Are children with higher self-reported wellbeing and perceived motor competence more physically active? A longitudinal study

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Are children with higher self-reported wellbeing and perceived motor competence more physically active? A longitudinal study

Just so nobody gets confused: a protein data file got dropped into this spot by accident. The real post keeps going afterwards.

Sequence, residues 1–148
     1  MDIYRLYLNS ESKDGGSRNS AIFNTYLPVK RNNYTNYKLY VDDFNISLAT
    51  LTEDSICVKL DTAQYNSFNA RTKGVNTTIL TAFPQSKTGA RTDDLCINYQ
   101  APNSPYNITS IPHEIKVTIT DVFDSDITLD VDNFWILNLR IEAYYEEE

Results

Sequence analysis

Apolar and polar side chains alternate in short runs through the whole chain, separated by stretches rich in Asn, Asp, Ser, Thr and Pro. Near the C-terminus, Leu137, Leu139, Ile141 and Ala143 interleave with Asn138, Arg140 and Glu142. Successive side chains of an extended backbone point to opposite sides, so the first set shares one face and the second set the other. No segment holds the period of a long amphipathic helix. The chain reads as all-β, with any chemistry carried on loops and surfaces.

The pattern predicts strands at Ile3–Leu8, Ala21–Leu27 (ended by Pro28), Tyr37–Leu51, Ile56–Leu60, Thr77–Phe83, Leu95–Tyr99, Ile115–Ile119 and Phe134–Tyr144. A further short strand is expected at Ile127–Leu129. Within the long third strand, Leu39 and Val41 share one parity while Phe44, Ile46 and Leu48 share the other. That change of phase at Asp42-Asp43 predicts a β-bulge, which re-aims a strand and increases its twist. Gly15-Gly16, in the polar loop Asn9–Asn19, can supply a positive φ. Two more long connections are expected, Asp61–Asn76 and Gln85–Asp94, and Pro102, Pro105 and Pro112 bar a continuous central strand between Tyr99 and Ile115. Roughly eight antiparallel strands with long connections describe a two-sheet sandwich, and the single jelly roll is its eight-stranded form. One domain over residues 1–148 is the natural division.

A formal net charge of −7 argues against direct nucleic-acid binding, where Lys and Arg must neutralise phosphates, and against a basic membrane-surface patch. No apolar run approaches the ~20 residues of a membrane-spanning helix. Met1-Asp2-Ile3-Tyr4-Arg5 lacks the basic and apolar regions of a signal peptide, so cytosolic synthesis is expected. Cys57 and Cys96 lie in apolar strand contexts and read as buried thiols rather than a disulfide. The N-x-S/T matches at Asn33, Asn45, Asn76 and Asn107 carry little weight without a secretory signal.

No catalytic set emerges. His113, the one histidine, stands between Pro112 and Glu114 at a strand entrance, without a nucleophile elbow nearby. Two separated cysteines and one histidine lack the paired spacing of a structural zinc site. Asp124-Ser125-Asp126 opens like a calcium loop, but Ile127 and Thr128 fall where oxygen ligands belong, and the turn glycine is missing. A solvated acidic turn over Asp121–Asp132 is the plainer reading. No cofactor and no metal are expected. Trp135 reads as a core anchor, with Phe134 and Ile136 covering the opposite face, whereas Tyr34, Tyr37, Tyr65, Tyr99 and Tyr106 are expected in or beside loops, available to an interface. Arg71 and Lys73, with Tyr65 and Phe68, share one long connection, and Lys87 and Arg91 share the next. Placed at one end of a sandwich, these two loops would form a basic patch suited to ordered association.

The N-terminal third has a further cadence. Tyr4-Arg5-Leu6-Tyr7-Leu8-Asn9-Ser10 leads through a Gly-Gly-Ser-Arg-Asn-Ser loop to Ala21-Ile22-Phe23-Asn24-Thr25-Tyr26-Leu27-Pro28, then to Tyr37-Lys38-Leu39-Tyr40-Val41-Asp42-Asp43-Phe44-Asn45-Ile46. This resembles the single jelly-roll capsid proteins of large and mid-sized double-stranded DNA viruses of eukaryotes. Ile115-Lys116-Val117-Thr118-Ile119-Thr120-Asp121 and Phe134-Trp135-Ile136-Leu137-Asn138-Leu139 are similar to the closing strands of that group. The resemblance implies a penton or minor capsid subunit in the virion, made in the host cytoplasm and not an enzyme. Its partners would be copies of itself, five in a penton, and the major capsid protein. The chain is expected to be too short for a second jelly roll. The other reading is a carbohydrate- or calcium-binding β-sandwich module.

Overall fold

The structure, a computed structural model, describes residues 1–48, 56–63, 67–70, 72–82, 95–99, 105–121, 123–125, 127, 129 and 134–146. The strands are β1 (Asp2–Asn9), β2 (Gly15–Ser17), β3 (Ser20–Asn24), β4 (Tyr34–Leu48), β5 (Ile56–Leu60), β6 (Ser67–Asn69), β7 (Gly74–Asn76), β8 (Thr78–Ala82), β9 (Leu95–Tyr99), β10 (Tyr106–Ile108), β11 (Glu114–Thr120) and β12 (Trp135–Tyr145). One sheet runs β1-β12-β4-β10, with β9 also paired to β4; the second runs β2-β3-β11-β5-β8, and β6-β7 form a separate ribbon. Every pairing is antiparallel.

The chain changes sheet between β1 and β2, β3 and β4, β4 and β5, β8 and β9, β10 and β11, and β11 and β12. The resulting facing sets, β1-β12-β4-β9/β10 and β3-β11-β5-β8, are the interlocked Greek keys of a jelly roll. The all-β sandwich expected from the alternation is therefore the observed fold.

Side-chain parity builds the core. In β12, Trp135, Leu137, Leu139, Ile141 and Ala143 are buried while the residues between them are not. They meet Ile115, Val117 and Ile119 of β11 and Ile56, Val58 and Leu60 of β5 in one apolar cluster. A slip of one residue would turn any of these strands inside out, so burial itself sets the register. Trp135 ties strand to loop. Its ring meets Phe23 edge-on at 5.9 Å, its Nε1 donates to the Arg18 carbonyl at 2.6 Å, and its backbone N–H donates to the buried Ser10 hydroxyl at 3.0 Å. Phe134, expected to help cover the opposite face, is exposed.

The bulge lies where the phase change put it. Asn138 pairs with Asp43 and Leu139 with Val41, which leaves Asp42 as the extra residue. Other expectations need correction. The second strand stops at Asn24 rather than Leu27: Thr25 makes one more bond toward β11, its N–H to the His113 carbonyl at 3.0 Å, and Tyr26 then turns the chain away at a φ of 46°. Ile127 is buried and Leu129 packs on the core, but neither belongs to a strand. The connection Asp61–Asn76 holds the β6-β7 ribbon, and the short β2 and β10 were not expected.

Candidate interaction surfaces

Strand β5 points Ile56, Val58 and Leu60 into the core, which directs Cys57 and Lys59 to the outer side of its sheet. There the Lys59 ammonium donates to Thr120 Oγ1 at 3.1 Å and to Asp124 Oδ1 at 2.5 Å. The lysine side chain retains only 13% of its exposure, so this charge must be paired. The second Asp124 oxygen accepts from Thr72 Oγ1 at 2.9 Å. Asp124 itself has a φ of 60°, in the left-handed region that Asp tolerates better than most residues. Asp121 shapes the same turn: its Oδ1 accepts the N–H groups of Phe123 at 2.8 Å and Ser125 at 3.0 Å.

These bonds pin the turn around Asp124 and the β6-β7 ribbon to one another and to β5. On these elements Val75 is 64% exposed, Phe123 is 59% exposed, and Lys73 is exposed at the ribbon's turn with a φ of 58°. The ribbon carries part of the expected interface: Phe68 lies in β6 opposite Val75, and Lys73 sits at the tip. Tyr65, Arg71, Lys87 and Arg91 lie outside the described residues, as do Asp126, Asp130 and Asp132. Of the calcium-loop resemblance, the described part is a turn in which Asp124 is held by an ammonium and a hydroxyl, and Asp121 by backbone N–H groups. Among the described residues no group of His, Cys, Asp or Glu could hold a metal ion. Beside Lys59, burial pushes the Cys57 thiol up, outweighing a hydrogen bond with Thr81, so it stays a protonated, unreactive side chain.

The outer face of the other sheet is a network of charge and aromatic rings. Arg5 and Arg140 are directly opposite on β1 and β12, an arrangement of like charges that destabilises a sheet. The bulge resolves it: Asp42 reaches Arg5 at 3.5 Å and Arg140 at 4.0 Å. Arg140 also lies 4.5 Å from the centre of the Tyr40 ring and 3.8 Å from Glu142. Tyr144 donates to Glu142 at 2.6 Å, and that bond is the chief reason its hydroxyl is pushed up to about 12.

Self-perceptions such as perceived motor competence and psychosocial wellbeing have been identified as important to children’s physical activity. The study’s purpose was to explore whether perceived motor competence and psychosocial wellbeing were determinants of physical activity, one year after a baseline assessment.

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